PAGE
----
Wednesday, May 22, 2019

Never Leave The Path

With our leader out ahead, the little group first drove, and then hiked upward toward the moors of Cornwall. The sky was terrifically blue again, but there was a nip in the air that hinted we had increased our altitude. On almost any public footpath in the UK you will find other like-minded Ramblers putting one foot in front of the other. But today, nobody else was there.

We would have finished our last leg of the St Michael Way, but given how it had behaved toward us the day before, we abandoned it. The moors are fascinating, with their unexpected heights and stark beauty. Sprinkled around on clifftop and moor are the old tin mines so prevalent in this part of the world. If you have ever seen the series Poldark, you will know! When mining became so much cheaper in other countries, Cornwall lost virtually all its mining industry. But the mines remained, now empty, and began to crumble. 

And yet they are beautiful. There is a saying here, that "if there is a hole anywhere on this earth, you're sure to find a Cornishman at the bottom of it". This is because the Cornish miners followed the tin, and just started digging again. You can't stop them!

Every little while Tony would stop walking, and start talking. Since he was a professional archaeologist in London, and since he had actually been a teacher of that subject, we became the beneficiaries of all that knowledge. When he said we were going to see something called "Men-an-Tol", I couldn't think what he might have been talking about. Then we got there, and saw.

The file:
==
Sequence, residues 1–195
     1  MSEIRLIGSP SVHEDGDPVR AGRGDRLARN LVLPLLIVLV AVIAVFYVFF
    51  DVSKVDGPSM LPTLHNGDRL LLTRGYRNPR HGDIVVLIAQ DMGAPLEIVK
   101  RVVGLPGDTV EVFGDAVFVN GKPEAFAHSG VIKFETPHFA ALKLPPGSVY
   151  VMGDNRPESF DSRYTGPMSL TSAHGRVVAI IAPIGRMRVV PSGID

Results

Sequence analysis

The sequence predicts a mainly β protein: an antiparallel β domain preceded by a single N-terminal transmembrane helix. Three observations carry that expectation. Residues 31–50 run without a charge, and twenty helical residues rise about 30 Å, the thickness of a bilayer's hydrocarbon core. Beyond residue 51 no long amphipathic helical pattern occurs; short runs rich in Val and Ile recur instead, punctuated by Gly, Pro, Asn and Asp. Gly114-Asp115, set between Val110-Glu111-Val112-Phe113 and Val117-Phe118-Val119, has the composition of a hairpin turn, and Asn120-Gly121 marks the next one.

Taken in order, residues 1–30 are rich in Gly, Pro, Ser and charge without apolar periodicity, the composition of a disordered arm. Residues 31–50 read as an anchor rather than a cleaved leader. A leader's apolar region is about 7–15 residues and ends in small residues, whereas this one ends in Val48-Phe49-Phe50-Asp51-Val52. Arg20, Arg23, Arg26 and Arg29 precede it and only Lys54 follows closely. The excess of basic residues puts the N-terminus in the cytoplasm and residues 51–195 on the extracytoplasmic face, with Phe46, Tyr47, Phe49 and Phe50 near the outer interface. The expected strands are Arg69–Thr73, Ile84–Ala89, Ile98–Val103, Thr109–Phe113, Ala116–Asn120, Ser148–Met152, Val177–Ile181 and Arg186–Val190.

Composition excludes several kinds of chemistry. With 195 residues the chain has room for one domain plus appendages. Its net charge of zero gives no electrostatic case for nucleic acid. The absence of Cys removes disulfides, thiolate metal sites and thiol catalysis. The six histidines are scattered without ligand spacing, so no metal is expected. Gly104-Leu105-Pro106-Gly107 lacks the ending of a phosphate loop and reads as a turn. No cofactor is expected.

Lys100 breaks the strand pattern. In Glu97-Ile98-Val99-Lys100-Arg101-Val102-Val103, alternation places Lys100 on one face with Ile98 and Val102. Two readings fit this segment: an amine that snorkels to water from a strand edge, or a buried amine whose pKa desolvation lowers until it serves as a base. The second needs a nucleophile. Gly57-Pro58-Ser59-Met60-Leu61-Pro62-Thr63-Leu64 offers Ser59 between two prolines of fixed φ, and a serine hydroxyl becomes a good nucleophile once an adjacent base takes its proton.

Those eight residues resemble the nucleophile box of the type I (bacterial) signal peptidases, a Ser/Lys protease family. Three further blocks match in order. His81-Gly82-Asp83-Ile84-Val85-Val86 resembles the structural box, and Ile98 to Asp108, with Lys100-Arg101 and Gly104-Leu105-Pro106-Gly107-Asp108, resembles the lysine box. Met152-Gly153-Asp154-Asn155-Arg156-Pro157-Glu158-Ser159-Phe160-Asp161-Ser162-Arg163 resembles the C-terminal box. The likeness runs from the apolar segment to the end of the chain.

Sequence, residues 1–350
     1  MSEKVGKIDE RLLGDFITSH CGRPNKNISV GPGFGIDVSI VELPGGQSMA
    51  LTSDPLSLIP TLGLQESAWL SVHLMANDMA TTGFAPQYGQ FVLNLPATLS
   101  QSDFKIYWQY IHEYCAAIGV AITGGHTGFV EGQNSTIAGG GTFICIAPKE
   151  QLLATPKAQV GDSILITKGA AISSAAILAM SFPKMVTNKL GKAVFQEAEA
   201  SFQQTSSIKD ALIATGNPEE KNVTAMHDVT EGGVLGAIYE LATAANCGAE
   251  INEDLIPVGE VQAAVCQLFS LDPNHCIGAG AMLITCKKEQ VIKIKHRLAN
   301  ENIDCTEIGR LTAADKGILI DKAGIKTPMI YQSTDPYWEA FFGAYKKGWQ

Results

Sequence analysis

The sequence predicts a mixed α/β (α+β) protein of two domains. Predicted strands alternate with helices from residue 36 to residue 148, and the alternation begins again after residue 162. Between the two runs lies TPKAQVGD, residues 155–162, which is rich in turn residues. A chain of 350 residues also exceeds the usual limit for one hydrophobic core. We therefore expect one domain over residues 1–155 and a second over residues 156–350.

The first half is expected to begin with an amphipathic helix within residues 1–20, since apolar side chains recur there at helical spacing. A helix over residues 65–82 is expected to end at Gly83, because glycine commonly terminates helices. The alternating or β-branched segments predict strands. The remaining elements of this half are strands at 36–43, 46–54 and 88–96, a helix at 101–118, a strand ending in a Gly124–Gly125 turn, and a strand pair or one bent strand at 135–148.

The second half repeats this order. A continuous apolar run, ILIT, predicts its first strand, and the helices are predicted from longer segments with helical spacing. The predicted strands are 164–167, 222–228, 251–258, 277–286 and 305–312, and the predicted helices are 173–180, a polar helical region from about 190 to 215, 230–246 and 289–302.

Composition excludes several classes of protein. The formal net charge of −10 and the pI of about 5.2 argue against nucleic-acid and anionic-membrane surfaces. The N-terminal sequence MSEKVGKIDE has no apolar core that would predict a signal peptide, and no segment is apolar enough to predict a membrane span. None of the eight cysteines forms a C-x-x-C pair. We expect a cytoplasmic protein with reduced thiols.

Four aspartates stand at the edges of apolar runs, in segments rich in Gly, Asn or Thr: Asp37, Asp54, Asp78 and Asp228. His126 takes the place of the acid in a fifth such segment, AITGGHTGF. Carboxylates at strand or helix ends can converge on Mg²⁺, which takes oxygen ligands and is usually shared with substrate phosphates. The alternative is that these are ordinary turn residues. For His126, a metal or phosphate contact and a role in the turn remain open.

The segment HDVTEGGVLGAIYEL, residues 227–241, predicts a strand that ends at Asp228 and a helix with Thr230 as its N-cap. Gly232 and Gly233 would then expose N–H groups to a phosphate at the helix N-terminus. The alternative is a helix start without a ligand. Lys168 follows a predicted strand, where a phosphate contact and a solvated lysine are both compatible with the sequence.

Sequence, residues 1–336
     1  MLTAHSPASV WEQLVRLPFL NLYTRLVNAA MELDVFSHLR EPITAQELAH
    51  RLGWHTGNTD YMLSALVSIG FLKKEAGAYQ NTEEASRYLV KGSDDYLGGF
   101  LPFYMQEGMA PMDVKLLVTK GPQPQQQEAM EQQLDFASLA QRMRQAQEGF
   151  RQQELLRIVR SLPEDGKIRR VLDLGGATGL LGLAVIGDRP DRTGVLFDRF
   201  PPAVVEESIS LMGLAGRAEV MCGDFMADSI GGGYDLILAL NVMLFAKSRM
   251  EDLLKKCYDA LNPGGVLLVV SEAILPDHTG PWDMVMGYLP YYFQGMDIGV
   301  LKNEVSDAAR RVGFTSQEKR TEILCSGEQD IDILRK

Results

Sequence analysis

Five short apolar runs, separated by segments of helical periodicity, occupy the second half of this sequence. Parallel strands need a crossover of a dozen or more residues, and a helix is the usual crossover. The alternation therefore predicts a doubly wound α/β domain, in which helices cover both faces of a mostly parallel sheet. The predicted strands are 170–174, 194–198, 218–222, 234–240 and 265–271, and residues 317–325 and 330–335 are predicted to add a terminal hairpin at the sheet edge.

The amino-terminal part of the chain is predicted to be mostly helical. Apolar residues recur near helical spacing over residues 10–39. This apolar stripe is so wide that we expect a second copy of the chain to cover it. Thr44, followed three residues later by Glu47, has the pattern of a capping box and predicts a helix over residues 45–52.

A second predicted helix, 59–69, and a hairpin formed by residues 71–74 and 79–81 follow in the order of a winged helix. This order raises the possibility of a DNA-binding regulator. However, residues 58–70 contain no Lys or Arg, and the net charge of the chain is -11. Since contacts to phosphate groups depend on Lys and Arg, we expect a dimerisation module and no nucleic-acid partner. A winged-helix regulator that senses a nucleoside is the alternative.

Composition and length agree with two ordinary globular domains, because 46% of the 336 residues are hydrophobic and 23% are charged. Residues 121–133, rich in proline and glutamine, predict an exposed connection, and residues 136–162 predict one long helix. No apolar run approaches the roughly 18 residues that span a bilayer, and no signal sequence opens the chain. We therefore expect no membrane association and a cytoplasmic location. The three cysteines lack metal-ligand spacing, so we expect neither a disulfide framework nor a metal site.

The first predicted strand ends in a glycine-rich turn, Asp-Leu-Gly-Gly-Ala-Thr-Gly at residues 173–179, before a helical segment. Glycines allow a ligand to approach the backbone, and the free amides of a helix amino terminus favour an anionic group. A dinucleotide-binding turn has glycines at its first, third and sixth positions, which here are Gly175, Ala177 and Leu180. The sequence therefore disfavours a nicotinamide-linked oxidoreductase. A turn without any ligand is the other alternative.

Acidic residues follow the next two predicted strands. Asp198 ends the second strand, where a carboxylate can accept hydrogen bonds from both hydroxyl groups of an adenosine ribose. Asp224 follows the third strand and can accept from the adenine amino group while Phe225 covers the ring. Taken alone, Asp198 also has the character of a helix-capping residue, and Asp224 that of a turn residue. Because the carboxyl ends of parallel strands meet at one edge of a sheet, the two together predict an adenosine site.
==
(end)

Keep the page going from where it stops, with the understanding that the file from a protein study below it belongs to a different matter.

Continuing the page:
Men-an-Tol is a formation of standing stones, one which may indicate something about fertility. One of them has an almost perfect hole in its middle. It has been speculated that this happened naturally, and was not made by man. I am personally not prepared to believe in this theory, but as I am no archaeologist and never will be, nothing I say matters. More about Men-an-Tol can be found, here: Men-an-Tol 

On our way back to St Ives, we stopped at the Geevor tin mine for what Tony said are the best Cornish pasties in the land. We tried them, and I think he is right! Simply delicious.

There is more to say here, but no energy to say it! It must be all this moor walking. That path was beautiful, and not at all scary. I's a good job it wasn't nighttime, though, because there is something to remember from An American Wereworlf In London: if you find yourself on a moor in the dark of night, you must NEVER EVER LEAVE THE PATH. 

See you along the way!
the SconeLady


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